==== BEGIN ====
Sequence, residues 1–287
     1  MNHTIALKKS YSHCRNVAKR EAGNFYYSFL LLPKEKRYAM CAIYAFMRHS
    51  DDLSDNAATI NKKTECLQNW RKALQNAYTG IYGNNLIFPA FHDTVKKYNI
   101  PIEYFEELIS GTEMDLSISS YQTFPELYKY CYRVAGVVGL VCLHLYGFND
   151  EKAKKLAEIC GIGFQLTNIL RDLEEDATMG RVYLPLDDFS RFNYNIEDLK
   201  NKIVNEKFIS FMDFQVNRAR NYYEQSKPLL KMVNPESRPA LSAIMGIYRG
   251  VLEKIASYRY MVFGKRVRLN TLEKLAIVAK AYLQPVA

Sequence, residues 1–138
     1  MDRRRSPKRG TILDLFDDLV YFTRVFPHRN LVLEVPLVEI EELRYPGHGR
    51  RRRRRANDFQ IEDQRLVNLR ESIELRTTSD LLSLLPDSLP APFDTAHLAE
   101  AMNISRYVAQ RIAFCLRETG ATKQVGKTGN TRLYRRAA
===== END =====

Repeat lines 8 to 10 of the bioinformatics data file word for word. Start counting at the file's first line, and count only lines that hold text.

Sequence, residues 1–138
     1  MDRRRSPKRG TILDLFDDLV YFTRVFPHRN LVLEVPLVEI EELRYPGHGR
    51  RRRRRANDFQ IEDQRLVNLR ESIELRTTSD LLSLLPDSLP APFDTAHLAE